Tying the Beaded Soft Hackle Hare’s Ear

Tying The Bead Head Soft Hackle from Rob Weiker on Vimeo.

This week we are tying the Bead Head Soft Hackle. It’s a great Callibaetis nymph and has been catching lots of fishing on the local lakes. It has been a strong producer on Rogers Lake and some others in the area. Callibaetis nymphs are a significant food source to lake fish and a variety of these bugs should be carried in your lake box.

When tying this fly there are a few things to keep in mind. One is to make sure that you leave the right amount to space between the bead and the eye of the hook. To much room and you will have a a huge head of thread and to little room you will not have enough room for your soft hackle. The last thing to focus on is make sure that your hackle angles back over the bead and body. Just a little attention to the hackle with you bind it is important. When you wrap your soft hackle, wrap from the bead to the eye with one wrap in from of the other. Then when you bind the stem do not wrap to tight, this will cause the barbs to flair upward. Looser wraps will allow that rear taper of the barbs.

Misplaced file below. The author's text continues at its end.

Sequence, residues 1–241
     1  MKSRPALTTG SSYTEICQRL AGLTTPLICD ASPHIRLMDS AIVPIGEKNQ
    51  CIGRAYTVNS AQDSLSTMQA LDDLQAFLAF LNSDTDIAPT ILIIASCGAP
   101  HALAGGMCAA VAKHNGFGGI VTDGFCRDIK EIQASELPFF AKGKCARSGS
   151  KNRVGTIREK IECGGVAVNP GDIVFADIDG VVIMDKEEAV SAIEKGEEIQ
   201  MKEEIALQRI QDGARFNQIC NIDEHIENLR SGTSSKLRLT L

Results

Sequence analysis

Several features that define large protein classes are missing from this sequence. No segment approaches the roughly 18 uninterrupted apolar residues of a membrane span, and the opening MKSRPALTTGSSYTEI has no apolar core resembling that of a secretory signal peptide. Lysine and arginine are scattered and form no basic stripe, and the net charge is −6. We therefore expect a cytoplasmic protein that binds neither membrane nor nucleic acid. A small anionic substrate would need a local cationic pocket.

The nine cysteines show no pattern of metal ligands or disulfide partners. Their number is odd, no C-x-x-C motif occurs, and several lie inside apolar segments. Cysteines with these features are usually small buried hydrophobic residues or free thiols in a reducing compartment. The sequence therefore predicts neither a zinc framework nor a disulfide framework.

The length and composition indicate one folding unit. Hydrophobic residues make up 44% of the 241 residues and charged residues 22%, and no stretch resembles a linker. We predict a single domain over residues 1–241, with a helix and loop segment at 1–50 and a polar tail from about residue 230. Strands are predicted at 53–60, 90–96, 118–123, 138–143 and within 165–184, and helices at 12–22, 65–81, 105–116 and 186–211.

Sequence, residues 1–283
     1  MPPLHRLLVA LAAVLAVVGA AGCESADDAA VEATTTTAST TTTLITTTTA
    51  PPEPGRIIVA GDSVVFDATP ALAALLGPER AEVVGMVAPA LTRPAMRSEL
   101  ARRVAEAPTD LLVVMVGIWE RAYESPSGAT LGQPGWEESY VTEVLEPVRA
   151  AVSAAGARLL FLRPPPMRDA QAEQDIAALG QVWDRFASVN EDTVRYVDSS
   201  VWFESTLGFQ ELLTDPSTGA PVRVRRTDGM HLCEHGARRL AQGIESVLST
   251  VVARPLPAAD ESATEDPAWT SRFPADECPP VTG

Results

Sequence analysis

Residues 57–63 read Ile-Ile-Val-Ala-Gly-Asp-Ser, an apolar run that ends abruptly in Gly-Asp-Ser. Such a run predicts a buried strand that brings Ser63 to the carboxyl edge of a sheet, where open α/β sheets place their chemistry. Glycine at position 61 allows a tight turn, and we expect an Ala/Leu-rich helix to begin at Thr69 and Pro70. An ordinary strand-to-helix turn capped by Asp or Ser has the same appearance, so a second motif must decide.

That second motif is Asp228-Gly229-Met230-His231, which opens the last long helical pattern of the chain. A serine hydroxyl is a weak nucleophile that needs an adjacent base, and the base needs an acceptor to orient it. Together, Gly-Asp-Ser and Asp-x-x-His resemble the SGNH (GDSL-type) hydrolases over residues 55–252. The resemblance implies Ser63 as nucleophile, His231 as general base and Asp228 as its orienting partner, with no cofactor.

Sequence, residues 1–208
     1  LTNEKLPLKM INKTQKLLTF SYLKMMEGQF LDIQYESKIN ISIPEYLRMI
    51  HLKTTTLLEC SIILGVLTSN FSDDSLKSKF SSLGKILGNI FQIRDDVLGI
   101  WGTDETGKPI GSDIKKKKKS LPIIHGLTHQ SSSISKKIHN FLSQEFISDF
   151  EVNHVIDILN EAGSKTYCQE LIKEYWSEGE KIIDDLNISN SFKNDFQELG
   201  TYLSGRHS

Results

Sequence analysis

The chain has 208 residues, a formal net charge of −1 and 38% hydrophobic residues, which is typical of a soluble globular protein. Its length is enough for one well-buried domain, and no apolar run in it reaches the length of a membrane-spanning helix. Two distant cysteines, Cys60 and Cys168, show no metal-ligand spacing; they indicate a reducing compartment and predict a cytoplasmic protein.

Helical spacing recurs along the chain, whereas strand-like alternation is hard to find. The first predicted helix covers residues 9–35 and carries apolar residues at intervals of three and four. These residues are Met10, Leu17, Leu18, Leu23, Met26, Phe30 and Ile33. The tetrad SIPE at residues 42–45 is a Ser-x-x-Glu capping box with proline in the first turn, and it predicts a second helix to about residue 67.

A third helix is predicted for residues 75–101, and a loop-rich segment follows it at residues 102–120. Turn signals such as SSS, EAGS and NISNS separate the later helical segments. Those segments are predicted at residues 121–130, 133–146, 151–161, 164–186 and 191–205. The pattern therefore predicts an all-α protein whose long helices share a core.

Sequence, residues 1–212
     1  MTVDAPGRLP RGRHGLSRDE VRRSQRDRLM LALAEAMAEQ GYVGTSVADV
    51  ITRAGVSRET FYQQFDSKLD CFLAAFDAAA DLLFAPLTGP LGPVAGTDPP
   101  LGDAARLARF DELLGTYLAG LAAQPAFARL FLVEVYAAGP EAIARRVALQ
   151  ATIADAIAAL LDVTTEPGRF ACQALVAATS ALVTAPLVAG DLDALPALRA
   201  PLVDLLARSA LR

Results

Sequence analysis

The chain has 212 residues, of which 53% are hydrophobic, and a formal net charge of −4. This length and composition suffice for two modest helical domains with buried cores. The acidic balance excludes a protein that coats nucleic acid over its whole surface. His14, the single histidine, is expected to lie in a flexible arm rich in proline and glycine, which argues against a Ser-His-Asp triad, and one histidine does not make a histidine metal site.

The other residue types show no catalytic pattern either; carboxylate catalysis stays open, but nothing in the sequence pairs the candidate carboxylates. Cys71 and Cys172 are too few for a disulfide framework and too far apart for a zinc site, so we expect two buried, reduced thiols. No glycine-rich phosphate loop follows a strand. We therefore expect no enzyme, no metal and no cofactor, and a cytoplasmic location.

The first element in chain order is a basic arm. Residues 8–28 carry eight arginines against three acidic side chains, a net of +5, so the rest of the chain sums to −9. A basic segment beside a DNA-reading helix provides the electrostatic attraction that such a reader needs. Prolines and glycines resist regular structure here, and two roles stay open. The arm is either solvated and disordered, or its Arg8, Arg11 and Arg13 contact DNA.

Callibaetis mayflies belong to the Baetidae family of mayflies. Baetidae nymphs grow very fast and several generations can emerge in a single season. Nymphs are strong swimmers and very active, moving from place to place. This makes them available to trout and easy to mimic with the Bead Head Soft Hackle. Colors of nymphs tend to shift with the color of the lake bottom, local colors range from glacial green to brown with the Bead Headed Soft Hackle doing a good job as a general color for local lakes. It can be very productive when fished near the bottom and retrieved with short, sharp strips under an indicator or stripped in on an intermediate sinking line. Hatches usually happen in the late morning to early afternoon with colder cloudier days pushing that time later in the day. The largest Callibaetis hatch early in the season with the smallest later in the year.

Gasses form between the skin of the nymph and the body of the forming adult insect inside. These gasses make the nymph so buoyant that it is carried to the surface where it hatches into a dun. For a short period the hatching nymphs try to swim back to the vegetation for safety. They are in the upper water column moving up and down ringing the dinner bell for any trout in the area. Fish this soft hackle in the upper water column on a floating line for this stage. You can also tie the fly with no bead and fish it in the film as an emerger pattern.

beaded soft hackle tying video

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So the next time you are on a lake and you see speckled winged mayflies around fish the Beaded Soft Hackle with confidence and get some fish.

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